Responsive background images

Responsivity is a big issue nowadays with all the phone users browsing your website rather than taking their laptop here and there.

We all know how to use responsive images already, that is not that big issue if you don’t check this post on CSS tricks out. But what if you need responsive background images, well even that is not that big issue, for more check this out on Smashingmagazine. But!
What if you need dynamically defined background images? We can’t define all the possible background images for all possible divs we might have now and then in the bare CSS file beforehand.

Why do we need dynamically defined images?

There are simply cases where you want an image used on the containers background because you plan to have a content over it, or blend the image with the background image on :hover, :active, :focus what ever states or script/user action.
Or, you can take advantage of the CSS background-size: cover/contain/.. feature which might help you with the variety image sizes your client is uploading that simply do not fit with your div container sizes you like to keep in your design, the image proportions are not accurate and so you help your self with the background image which doesn’t take the divs dimensions into account as much as inserted image and so on and so forth. In such cases it is grate to use background image.. but … there is always but.. how to set it all up.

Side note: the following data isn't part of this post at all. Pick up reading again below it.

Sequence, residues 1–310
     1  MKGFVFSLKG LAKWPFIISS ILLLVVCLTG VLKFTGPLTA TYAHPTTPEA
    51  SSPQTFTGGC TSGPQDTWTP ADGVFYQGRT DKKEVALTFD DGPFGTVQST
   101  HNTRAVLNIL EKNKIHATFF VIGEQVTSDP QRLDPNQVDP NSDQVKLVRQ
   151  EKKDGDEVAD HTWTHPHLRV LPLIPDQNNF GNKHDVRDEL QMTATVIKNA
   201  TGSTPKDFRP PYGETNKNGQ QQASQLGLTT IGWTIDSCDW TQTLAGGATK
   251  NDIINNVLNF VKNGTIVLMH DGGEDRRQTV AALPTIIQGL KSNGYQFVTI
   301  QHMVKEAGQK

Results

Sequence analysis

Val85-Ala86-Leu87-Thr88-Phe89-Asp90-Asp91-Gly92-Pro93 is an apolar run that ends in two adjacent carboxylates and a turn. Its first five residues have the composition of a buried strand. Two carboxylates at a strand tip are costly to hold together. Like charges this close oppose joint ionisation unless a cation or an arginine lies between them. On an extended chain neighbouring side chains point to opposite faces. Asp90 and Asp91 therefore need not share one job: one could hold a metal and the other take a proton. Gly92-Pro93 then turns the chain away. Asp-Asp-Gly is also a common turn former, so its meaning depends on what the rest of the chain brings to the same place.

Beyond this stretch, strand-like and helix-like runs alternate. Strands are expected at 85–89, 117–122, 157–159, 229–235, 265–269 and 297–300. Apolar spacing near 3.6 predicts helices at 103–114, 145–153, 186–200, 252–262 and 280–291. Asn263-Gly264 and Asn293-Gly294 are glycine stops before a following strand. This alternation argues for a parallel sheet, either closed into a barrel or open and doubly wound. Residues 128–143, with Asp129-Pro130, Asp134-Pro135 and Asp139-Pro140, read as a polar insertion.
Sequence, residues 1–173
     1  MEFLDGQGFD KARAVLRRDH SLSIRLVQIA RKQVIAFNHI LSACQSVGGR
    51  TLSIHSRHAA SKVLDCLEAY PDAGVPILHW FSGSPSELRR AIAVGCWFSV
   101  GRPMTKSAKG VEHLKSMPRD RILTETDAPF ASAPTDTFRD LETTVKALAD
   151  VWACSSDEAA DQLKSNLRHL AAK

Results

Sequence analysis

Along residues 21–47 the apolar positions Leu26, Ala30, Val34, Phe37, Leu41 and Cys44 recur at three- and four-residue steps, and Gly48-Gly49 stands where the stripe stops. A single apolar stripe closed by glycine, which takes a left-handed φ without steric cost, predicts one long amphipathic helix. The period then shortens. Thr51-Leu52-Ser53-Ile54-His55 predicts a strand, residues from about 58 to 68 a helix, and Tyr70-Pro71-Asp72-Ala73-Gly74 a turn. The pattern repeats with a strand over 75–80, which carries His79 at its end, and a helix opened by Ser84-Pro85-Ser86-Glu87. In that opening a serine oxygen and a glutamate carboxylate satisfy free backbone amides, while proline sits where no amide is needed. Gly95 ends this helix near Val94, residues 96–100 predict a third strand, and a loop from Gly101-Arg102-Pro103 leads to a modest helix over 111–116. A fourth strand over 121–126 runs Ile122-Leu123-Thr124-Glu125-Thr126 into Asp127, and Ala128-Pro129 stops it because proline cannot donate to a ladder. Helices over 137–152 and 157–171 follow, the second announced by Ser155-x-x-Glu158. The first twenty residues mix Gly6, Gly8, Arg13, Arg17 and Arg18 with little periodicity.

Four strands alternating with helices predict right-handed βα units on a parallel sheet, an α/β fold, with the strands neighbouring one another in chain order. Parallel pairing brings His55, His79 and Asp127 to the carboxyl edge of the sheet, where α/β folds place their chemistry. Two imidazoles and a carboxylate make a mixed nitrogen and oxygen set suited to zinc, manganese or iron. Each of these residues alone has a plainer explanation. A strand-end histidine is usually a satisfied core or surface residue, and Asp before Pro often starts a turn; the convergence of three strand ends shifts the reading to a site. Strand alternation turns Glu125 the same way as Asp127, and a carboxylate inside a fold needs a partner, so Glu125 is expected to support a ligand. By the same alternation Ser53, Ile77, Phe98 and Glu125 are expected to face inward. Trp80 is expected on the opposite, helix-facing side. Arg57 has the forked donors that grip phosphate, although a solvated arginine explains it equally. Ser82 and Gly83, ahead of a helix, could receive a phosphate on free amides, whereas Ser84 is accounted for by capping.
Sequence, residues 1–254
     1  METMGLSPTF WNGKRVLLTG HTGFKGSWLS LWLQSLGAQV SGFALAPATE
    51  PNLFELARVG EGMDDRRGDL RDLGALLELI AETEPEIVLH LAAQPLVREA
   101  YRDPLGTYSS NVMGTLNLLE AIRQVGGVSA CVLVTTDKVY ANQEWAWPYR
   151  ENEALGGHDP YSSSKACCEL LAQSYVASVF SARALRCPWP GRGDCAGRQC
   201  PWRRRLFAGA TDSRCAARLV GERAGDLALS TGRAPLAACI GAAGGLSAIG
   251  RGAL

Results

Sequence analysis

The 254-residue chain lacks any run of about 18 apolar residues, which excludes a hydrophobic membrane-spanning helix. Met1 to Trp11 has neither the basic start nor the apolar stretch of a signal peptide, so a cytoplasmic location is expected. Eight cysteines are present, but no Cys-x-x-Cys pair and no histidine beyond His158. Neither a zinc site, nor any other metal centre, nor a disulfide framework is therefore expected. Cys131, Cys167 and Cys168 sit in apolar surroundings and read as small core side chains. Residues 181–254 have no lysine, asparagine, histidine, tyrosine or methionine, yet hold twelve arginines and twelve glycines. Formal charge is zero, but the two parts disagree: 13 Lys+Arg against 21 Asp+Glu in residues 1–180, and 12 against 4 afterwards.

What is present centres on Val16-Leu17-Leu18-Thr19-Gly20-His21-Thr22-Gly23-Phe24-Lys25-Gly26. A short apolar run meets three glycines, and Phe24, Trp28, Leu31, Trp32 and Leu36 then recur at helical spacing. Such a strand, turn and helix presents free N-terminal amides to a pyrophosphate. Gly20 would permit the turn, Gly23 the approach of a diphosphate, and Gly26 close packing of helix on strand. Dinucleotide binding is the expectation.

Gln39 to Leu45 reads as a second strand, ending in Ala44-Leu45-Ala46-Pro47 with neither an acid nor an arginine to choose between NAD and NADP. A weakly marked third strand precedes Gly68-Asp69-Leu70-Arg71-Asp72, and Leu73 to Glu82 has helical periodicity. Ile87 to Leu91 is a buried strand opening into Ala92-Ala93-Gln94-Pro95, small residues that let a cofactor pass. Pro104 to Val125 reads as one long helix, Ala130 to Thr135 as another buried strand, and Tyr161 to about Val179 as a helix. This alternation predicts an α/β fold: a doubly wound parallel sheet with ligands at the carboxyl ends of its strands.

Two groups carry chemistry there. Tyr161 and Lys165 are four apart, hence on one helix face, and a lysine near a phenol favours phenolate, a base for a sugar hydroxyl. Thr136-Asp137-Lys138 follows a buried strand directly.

Well, here is my approach to that.

Testing scenario:
Say we simply want to query number of posts. We want to use the featured image for each post as it’s background (with responsive dimensions).

Wordpress with defined image sizes (there are 4 in WP by default already) plus we have to be able to set featured images and have them set.

In order to set background image for a specific div we need basically something like this:

[php]<div style="background-image: url(‘img/image.jpg’);">….some content..</div>[/php]

Here is an elementary WordPress loop enriched by the CSS style defining divs background image.

[php]if ( have_posts() ) :
while ( have_posts() ) : the_post();
echo ‘<div style="background-image: url(‘img/image.jpg’);">’; the_content(); // call for post_content
echo ‘</div>’;

This will gives as number of post/pages with the same image.jpg as the background.

What we are going to actually do is to take a featured image ID of the post send it along the CSS queries to the function which gives us back the needing CSS. Even more, we will store all the image IDs on side and send it to our function but not sooner than the query loop loops trhough all it has to loop through. Thanks to this the result will be much cleaner than if we write the complete CSS query for each div in each loop circle.

The function takes two arguments. Image IDs in simple array and the image sizes with queries in second array.
the call looks might look like this:

$id_array(23, 3, 2455, 267, 90);
$queries = array(
array(‘large_screens’,’min-width: 1450px’), // the predefined WP image size, CSS query
array(‘medium’,’max-width: 480px’),
array(‘large’,”) // the empty query is basically saying "this is overall css definition"

responsive_background_pictures($id_array, $queries)